Friday, May 21, 2010
God, Who is Love, and Who desires love for us, is ever calling us to love Him. He is not satisfied with our lesser affections, however, or a few small devotions. God wishes to have all our love, and to unite us in the love of the Holy Trinity. In His great work of love on earth, Jesus has earned our every affection and has prompted the deepest love in us through the Holy Eucharist. He tells us that as the Father loves Him, so He loves us (John 15:9). Thus we are the recipients of an immense and intimate love as strong as that which binds the Most Holy Trinity! Further, God Himself places in us the capacity to reciprocate this love, and desires that we love Him and each other as He loves. What a magnificent calling!
While Charity is understood to be a virtue, the greatest of virtues, there are many things that can confuse the understanding of it. One of the greatest misunderstandings was addressed by Jesus Himself "Love your enemy, do good to those who hate you..." (Luke 6:27). Charity is not constricted to those we love as friends, but belongs to our enemies as well. While Charity has sometimes been described as love of God alone, the two great commandments given to us by Christ both address Charity and indicate that we must also love our neighbor. So how are we to understand this particular virtue?
Every in simple need of the practical, I am in the habit of making a large distinction between the words "love" and "Charity"; while in definition they may be used interchangeably. Therefore, before I begin to explain some aspects of Charity, I will present my definitions. Love is the natural affection of one person for another. It is the special, friendly affection we have for family, friends, and even Jesus Himself... whoever we naturally prefer to someone else. When Jesus said "What good is it to only love those who love you? Even the pagans do this." (Matthew 5:47) it is my guess that Jesus was referring to the natural impulse of love that every person has. But Charity, on the other hand, is God's love. Even when Charity is in us, and we offer it to God and others, it does not originate in us, but in God. Charity is the love of the Holy Trinity, and the love of the Trinity for mankind. When the Holy Spirit ignites our hearts with Holy Charity, we are prompted to a love of the same nature as that of the Trinity, though of course less in strength. Therefore Charity is always a gift from God.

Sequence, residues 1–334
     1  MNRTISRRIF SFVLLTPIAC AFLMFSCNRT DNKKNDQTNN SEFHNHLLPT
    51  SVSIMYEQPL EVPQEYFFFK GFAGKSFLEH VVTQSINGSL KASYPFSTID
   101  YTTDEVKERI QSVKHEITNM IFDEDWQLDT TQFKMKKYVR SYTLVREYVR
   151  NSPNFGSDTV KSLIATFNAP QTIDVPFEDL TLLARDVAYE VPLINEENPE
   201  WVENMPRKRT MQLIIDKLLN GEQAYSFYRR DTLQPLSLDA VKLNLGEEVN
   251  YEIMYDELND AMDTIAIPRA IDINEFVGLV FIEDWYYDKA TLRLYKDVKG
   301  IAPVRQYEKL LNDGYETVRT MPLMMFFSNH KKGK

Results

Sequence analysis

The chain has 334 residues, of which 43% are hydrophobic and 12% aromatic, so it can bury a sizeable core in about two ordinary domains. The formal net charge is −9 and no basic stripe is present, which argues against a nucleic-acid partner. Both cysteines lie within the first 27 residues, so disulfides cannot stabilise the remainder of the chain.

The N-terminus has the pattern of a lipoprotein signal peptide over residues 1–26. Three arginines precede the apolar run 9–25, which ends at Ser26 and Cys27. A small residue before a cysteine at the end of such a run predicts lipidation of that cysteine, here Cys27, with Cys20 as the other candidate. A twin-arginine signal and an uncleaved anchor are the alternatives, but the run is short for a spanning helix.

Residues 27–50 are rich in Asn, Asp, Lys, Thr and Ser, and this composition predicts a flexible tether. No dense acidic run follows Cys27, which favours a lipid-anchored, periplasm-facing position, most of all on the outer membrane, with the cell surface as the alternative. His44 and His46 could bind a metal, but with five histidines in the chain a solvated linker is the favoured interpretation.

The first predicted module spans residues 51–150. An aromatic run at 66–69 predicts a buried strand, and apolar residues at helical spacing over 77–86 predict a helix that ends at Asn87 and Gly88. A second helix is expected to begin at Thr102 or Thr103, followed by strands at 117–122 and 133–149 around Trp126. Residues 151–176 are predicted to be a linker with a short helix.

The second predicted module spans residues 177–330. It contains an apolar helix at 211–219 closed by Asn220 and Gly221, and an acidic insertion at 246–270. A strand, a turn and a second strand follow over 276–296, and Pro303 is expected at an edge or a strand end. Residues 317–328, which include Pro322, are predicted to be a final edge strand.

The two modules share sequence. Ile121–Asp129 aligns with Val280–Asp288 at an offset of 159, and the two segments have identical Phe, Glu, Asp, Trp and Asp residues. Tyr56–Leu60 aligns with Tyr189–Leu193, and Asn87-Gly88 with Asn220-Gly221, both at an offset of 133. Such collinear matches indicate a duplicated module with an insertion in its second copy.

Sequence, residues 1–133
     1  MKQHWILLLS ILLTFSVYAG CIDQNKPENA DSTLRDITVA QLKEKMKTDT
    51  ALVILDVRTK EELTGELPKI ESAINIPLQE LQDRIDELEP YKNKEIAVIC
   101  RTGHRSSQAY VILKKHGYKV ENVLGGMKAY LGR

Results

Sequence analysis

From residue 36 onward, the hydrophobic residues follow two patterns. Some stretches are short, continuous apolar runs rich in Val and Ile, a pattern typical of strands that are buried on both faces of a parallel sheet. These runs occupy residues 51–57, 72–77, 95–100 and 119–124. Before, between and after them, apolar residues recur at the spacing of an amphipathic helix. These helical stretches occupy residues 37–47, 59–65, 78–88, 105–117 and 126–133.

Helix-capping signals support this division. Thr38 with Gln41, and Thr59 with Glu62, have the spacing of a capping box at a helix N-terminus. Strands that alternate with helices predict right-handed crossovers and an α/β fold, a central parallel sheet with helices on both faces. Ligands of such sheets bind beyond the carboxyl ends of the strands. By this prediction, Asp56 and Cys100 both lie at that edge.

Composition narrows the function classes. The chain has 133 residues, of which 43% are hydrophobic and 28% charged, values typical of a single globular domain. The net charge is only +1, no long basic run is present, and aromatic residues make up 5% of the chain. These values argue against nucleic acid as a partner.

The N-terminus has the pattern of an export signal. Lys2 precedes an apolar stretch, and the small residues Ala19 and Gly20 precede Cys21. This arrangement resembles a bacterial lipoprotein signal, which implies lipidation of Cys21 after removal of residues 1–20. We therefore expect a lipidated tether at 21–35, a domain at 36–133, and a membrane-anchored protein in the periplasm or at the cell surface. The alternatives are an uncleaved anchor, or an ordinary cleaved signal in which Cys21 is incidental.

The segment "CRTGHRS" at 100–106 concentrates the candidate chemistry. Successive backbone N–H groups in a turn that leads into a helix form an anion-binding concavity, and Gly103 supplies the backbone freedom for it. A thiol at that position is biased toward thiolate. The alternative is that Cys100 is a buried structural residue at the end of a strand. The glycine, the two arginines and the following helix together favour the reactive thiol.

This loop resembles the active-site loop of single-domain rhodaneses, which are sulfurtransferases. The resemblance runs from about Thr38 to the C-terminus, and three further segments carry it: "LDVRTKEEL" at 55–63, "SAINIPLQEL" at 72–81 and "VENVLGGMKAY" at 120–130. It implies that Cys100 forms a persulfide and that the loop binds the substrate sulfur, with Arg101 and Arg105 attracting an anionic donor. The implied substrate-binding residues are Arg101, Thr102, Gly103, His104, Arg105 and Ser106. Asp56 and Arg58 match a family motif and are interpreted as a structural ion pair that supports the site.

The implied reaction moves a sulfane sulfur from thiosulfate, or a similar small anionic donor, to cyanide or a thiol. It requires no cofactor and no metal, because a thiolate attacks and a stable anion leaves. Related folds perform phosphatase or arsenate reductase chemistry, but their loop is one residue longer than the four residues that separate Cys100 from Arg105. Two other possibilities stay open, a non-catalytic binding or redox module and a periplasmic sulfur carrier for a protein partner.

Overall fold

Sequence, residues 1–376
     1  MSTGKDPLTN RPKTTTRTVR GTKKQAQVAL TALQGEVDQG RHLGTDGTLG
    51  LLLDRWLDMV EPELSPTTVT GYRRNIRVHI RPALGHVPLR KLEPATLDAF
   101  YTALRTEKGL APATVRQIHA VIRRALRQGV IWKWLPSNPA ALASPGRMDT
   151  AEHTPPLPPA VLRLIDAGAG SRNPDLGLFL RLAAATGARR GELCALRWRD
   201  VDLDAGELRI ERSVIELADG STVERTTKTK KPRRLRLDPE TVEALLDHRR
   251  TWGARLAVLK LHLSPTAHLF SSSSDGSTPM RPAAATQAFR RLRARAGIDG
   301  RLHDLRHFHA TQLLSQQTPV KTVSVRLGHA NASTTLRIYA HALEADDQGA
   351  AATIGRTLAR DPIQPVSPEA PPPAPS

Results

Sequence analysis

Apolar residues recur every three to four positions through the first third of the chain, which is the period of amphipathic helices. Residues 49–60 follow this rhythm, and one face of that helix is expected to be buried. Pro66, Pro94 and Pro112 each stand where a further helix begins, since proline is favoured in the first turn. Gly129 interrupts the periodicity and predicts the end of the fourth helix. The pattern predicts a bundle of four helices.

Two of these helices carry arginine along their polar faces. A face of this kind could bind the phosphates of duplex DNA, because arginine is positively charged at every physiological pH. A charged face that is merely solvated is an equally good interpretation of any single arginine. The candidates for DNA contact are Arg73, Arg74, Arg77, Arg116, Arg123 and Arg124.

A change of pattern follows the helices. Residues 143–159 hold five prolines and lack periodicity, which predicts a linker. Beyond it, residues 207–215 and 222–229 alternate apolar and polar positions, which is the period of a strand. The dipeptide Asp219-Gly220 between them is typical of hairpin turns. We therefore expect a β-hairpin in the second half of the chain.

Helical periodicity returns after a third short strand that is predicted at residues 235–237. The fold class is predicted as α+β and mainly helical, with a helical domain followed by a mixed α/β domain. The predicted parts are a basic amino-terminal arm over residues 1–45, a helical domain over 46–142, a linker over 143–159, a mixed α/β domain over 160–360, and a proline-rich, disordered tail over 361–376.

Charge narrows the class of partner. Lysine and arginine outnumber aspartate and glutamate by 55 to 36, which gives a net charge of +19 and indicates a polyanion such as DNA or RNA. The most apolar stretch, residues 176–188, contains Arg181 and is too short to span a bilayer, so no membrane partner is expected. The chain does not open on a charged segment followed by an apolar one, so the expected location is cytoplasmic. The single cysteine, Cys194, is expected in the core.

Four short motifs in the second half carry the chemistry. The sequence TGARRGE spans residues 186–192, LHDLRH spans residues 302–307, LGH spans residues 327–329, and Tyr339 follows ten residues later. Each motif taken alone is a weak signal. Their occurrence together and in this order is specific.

The title of this post says "universal" Charity... Charity is, by nature, universal. God offers His whole and entire love to every person, as is necessary by the merits of the unity of the Holy Trinity, to which Charity unites us in a way. Charity is first of all love for Christ. It is the whole and undivided love belonging to God alone. But because Christ has given life to humanity, loves us, and gave His own life for us... He has shown that this love for God should be directed also to the children of God--to Christ in them, and for the sake of Christ's love for them. Therefore Charity is not restricted to certain people, nor even people in our own lives, for God knows and loves all people past, present, and future.
Charity is not the emotional feeling, or movement of the heart, known as love. Although love often goes hand in hand with Charity, Charity itself is a decision of the will to love without condition. Because it is not a love that originates in us, or a love that belongs to us, we cannot claim to have Charity unless we first choose to love as God loves. Therefore we choose to love those who God loves, just as we choose to love God, and our love is expressing in prayer, deed, and the development of true human affection. Because of the nature of Charity, one who possesses this virtue has a powerful claim to most other virtues. Further, since Charity is reciprocating the powerful love of God for us, it places us, in a sense, in heaven, in the presence of God; as well as obtaining the presence of God in us. It is no mystery that Charity is called the greatest of virtues!
God's love is infinite, and our perception of His love is like a drop of water into an ocean as immense as all the universe. But through the mystery of our love returned to Him, through the high calling He has give us to be one with Him in love, our small persons can give God a love great enough to satisfy His eternal desire for love. God, great far beyond our imagination, and so good as to far surpass our reality, has called us to a deep union with the Trinity through this wonderful gift of Charity. If we can do nothing else, we can love. If we could never find a way to holiness, we can reach it through love. If we can never approach the great I AM, if we can never come close enough to God to develop even the smallest personal relationship with Him, if we could never set foot into the palaces of His Majesty, we can do all this through love. If God is so great that He is above all things, if God is so great that He remains in the greatest perfection of bliss, if God could never have a need... Love is greater than all this, and for love God would set aside the claim to His kingdom to come and be with us, to lead us by the hand so we may be with Him, and to open the heavenly gates through a sacrifice equal to, indeed an expression of, the infinite and everlasting love of the Blessed Trinity.